Curse you god! And I bet they were all single.
“I just ordered a coffee”.
“It’s okay, take your time we can start the tour in a few minutes”.
The coffee arrives and I take a sip and it is as bitter as hell so I add half a cup of sugar and skull it down to avoid having to taste it too much
My guide looks over and raises his eyebrows. He’s a little shorter than me and he’s got black hair and a roundish face. He doesn’t look that Mexican to me, but I don’t really know what Mexicans are meant to look like, they just all have this lovely slightly tanned brown skin, and many are on the plump side, but apart from that, they look ‘normal’. For fashion, there’s the hombres with the odd cowboy hat, outnumbered by the baseball style cap, which my guide wheres, but none wearing those outlandish sombreros. They like their blue jeans, tight, and no one goes around in shorts, there’s the younger women with light cotton tops that you can see their bras through, not in a sexy sort of way, just like it doesn’t matter.
“Okay”, he says, “first I will take you to a market that is not well known by the tourists. It has some lesser known murals than those more popular ones in the city”.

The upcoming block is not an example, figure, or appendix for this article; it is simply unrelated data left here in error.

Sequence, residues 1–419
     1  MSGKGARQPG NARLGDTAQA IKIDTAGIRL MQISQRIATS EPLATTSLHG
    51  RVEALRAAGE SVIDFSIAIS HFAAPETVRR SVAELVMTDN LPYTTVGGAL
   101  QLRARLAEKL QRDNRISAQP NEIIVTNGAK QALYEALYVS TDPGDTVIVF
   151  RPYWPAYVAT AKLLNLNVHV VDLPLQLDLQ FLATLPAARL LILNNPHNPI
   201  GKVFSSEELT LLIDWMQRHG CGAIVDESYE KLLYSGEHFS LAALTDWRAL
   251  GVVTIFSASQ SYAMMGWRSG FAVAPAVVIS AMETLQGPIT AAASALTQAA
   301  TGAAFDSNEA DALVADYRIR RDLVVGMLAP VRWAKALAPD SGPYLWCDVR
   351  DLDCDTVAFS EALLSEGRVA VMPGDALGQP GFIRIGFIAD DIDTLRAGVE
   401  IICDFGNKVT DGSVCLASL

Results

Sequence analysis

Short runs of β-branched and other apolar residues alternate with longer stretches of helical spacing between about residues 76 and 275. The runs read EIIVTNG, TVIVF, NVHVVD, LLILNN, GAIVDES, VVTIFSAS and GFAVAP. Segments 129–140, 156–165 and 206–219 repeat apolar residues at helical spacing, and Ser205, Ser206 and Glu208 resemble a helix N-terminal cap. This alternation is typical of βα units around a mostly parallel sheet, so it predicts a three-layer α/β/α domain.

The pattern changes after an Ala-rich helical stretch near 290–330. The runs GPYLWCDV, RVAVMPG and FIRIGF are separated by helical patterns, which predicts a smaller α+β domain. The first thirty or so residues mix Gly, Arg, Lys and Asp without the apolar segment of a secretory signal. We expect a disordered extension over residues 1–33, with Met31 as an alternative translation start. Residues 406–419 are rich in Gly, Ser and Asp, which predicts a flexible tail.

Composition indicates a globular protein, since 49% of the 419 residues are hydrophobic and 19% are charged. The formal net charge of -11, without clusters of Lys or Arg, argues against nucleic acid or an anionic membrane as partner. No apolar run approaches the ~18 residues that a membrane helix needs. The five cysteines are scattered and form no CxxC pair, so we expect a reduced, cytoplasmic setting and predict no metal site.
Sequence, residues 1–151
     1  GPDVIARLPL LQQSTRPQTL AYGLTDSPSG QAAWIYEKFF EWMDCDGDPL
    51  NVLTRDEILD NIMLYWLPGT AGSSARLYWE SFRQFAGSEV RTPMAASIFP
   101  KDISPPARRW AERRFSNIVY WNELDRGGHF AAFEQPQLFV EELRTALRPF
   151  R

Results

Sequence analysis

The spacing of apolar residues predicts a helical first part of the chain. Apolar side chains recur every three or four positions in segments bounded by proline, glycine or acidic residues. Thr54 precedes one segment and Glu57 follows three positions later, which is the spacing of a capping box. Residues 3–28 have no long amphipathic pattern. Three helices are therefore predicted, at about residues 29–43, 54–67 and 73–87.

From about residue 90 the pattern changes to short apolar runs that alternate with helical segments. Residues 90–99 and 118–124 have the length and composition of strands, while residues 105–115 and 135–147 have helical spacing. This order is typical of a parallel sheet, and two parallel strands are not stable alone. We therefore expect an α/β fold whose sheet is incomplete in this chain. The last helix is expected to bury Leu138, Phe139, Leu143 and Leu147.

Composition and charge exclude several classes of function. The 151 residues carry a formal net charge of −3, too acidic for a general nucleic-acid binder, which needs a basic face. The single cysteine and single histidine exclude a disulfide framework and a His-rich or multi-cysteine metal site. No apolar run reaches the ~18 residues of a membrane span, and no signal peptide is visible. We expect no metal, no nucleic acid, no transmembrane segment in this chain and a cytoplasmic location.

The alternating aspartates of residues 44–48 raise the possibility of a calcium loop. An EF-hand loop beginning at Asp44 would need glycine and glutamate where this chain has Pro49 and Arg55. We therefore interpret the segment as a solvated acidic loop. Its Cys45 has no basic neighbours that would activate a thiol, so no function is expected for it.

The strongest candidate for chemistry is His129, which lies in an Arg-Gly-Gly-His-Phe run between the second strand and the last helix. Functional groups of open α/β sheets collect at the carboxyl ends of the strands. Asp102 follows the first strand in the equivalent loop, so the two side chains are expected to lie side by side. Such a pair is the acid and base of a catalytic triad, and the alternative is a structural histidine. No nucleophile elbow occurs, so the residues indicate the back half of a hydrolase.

We weave our way through the streets, I recognise the one going down past my hotel, after that, without my guide, I’d be guaranteed to be lost in a minute. The streets are narrow and cobblestoned, lined by clonal style buildings a few stories high. You can’t see the sky for the buildings and the haze.
We head down a street reserved for buses, it is lined by heavily armed policía.
“A few months ago, it was too dangerous to come down this street”, my guide tells me, “it was controlled by the drug dealers. When the police took it back they have to do so in force”.